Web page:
By Reese Jones
Picturesque beaches, endless fiestas, and bottomless tequila are usually what come to mind when people think of Mexico. But nestled in the hills of Baja California is the hidden gem that is Valle de Guadalupe.
Valle de Guadalupe has come to be known as Mexico’s response to California’s iconic Napa Valley and the fast-rising Temecula Valley— minus the hefty price tags and elaborate tasting rooms. Using a fine balance of its warm climate and high-altitude breeze, the town is able to tend its flourishing vineyards and produce some of the finest wine in all of Mexico, according to food and beverage writers Per and Britt Karlsson.
If you ever find yourself on Valle de Guadalupe’s shores, here are a few stops to make — which includes, of course, having a taste of their fresh vino.
1-Enjoy a Wine Tour
You’d be hard pressed to find a wine that is more deeply concentrated than the Torres Alegre y Familia “Cru Garage” Nebbiolo. This potent bottle contains an explosion of fruity flavors, prominent red berries and an undeniable earthiness that makes you think this is what grapes should taste like.
On the other hand, if you’re looking to enjoy your delicious glass with an equally spectacular view, look no further than Monte Xanic’s tasting room, which offers a panoramic view of the entire Valle de Guadalupe from the deck of its winery.
2-Watch a Game at the Estadio Bancomer
It’s a known fact that Mexicans love their football. In Guadalupe, the world-class Estadio Bancomer attracts passionate fans who come here to enjoy the game and bask in the town’s heritage
The stadium draws inspiration from the region’s history of brewing and steel manufacturing, as exhibited in its unique tripodal structure that looks almost like a life-sized sculpture. Interestingly, the stadium was built in the shadow of the Cerro de la Silla mountain which looms through the roof providing a jaw-dropping background for spectators. All in all, tourists will find it a captivating and awe-inspiring sight.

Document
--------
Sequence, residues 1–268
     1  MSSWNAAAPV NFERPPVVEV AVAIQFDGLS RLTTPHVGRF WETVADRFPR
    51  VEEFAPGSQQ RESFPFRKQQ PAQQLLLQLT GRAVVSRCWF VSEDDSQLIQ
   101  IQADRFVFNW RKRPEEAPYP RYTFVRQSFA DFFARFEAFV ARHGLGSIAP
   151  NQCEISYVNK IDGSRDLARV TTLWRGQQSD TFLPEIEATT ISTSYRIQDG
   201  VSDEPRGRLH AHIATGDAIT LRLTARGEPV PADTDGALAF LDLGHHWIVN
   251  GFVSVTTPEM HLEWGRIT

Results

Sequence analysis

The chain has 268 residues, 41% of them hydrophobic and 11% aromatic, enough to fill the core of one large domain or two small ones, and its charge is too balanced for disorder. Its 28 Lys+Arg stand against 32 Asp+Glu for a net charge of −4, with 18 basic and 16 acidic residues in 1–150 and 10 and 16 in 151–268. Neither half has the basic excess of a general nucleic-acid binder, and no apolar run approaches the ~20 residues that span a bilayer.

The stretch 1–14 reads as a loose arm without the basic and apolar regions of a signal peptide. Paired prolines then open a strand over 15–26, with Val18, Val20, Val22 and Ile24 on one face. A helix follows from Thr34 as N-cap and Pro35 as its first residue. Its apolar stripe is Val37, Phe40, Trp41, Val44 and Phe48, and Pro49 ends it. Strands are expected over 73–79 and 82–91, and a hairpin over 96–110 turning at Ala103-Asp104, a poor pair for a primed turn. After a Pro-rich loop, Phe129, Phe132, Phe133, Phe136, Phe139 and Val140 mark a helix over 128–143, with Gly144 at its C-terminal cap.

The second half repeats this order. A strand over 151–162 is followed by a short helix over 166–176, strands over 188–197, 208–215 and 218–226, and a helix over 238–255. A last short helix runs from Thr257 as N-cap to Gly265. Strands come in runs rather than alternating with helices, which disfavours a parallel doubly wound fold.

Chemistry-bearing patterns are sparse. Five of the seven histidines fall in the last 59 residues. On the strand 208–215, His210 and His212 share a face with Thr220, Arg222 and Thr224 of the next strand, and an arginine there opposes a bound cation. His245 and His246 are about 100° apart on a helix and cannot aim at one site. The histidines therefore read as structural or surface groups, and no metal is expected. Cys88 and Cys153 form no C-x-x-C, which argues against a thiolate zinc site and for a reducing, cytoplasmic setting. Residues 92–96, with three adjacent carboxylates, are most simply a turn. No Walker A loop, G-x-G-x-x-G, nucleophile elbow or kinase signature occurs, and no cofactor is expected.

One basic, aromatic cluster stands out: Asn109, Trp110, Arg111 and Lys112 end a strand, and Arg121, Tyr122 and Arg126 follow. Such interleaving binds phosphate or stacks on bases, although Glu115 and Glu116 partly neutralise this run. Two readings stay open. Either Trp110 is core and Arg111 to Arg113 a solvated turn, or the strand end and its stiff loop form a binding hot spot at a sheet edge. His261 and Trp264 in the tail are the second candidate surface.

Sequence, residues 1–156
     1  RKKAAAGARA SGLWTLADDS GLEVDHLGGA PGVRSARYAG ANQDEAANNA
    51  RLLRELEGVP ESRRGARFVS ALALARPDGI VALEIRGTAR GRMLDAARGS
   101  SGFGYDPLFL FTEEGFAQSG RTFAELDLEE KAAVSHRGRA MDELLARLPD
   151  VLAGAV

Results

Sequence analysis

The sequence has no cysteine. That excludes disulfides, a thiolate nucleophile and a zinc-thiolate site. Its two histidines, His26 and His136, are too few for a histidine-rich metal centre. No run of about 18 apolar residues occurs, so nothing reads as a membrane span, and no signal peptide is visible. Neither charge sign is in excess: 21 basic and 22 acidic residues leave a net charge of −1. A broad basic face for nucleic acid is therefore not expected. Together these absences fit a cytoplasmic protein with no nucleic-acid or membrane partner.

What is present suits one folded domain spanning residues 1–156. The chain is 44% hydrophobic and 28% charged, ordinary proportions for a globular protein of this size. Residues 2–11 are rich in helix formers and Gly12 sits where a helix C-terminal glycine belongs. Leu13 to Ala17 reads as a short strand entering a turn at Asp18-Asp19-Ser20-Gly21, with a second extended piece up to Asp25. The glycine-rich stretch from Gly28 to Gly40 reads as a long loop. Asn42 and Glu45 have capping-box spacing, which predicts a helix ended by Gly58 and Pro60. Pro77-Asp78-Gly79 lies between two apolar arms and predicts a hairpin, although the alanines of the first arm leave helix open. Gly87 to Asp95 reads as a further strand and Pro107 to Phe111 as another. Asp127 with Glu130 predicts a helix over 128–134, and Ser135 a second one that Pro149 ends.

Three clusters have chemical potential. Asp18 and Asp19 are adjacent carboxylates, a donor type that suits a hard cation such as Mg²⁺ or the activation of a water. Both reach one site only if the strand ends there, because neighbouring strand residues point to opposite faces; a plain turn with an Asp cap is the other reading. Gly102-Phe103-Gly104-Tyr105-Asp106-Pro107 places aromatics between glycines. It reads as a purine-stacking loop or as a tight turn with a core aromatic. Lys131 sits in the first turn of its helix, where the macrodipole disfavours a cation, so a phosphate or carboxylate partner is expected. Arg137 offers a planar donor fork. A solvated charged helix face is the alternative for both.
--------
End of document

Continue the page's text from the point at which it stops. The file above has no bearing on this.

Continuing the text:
3-Visit a Basilica
Even if you’re not religious, the basilicas are architectural wonders worth visiting. It’s also the perfect way to immerse yourself in the local culture.
Mexico’s most popular Catholic destination is the Basilica de Guadalupe, the world’s top Catholic pilgrimage site. In fact, over 20-million visitors make their way to the Basilica annually, just to see the site where it is said the Virgen de Guadalupe appeared to San Juan Diego.
4-See the Town On a Horse
To experience a more traditional side of Mexico, there’s no better way to tour the place than on top of a horse. At present, horseback riding remains a popular activity and mode of transportation for tourists and locals alike. Charro outfit optional.
Head to the Adobe Guadalupe, the largest breeder of Azteca sport horses. Here, guests can enjoy riding on trained horses, which is excellent for beginners and seasoned riders.
Mexico has its fair share of nature scenes, but it isn’t all just deserts and tumbleweed. Thanks to its pleasant Mediterranean-like climate, the Valle de Guadalupe makes for a wonderful hike. Its most popular trail can be accessed from Mogor Badán and takes around four hours to complete a round trip up to its peaks.
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